- REnescience plant in U.K will use Novozymes enzymes in process
- Plant due to come online in 2017, costing about $80 million
Novozymes A/S, the world’s largest supplier of enzymes, won a contract for the first full-scale power plant that will use the bugs to clean up household waste.
Dong Energy A/S’s REnescience plant in northern England will use enzyme technology to “wash” organic matter from unsorted waste, creating a slurry that can be turned into a gas for use in power generation or motor fuels, said Thomas Schroder, vice president of commercial bioenergy at Novozymes.
The plant will cost about 60 million pounds ($80 million) and will be the first to use the technology on a commercial scale, said Thomas Dalsgaard, Dong’s executive vice president for bioenergy and thermal power. Dong will finance, build and operate the plant in Northwich, Cheshire. It already has a pilot project in Copenhagen and plans another two commercial scale projects in Denmark and the Netherlands.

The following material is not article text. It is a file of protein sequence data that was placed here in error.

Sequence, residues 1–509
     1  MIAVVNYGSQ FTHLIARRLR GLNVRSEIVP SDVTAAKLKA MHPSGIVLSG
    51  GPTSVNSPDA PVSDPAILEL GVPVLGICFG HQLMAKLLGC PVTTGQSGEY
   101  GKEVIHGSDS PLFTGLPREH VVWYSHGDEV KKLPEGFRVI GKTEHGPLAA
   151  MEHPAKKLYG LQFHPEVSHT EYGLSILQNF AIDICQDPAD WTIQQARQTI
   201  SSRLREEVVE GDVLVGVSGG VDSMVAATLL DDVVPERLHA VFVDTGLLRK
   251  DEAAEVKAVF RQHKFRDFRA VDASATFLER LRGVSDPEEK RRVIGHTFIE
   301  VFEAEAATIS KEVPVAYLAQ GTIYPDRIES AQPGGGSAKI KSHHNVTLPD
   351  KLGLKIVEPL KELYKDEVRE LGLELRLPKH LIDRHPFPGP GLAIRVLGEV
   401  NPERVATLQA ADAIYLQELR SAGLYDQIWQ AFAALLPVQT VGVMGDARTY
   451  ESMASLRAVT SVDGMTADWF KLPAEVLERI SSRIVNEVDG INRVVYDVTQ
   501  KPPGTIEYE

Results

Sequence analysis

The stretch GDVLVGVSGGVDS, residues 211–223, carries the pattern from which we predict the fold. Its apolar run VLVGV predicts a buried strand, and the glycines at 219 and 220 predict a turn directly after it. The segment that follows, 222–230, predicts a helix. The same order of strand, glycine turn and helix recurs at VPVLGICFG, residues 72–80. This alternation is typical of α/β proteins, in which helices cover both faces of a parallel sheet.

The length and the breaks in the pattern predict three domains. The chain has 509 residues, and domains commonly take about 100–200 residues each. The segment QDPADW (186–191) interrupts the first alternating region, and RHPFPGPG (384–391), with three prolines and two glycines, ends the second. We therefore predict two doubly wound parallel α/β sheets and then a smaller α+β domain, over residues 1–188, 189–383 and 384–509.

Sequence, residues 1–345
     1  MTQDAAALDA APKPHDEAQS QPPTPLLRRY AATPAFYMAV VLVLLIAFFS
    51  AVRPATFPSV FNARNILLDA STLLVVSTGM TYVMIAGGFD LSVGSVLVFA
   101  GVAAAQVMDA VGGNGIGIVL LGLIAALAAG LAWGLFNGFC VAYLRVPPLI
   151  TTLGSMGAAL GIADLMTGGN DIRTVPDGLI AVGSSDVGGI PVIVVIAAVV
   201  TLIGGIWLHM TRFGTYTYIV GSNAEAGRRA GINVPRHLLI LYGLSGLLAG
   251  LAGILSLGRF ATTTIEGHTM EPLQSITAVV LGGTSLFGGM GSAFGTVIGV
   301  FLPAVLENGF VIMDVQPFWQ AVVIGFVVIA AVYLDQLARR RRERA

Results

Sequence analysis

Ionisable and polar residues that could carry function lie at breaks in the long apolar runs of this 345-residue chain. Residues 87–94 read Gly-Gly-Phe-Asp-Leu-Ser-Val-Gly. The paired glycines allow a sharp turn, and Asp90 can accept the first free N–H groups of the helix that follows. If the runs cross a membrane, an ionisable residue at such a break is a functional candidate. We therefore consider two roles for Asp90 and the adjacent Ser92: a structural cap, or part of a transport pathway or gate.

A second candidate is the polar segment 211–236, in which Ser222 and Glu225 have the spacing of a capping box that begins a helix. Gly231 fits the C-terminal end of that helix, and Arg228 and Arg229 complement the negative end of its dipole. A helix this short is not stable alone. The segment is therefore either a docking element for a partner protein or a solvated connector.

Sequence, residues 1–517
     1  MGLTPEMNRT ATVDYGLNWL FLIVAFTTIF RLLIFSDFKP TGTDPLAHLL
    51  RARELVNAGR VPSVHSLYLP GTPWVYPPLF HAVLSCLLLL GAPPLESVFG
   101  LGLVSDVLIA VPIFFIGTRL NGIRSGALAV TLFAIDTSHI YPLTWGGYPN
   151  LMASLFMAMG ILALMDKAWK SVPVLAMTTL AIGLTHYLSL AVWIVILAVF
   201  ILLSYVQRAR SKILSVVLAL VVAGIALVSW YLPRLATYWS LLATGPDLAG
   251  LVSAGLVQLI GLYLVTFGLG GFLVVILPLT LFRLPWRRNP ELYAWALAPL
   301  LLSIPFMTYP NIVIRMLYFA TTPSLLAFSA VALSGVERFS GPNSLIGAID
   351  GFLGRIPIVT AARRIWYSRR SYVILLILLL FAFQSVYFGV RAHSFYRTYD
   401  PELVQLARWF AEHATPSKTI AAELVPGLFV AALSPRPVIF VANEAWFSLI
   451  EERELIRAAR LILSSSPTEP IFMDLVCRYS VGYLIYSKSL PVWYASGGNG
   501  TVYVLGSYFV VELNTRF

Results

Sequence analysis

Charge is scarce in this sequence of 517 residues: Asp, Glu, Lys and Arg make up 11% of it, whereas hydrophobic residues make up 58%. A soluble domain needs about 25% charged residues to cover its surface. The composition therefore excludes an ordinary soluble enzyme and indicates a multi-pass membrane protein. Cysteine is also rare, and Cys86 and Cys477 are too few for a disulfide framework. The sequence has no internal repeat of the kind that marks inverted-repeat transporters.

The technology means that, in theory, consumers wouldn’t need to sort their waste before recycling. That would avoid the need for recycling plants to reject contaminated waste.
“It’s certainly more convenient in larger cities, such as Copenhagen, where it’s difficult to find the space for different bins,” Dalsgaard said.
Novozymes will supply “thousands of tons” of enzymes a year to the Northwich plant, which is expected to start in early 2017. It will take waste from the equivalent of 110,000 U.K. homes, said Schroder. Novozymes and Dong Energy also agreed to further develop the enzymes for the technology together.
“This is a pioneering project that has tremendous potential if it really starts to get off the ground,” he said. “It’s about understanding the value of recycled waste streams.”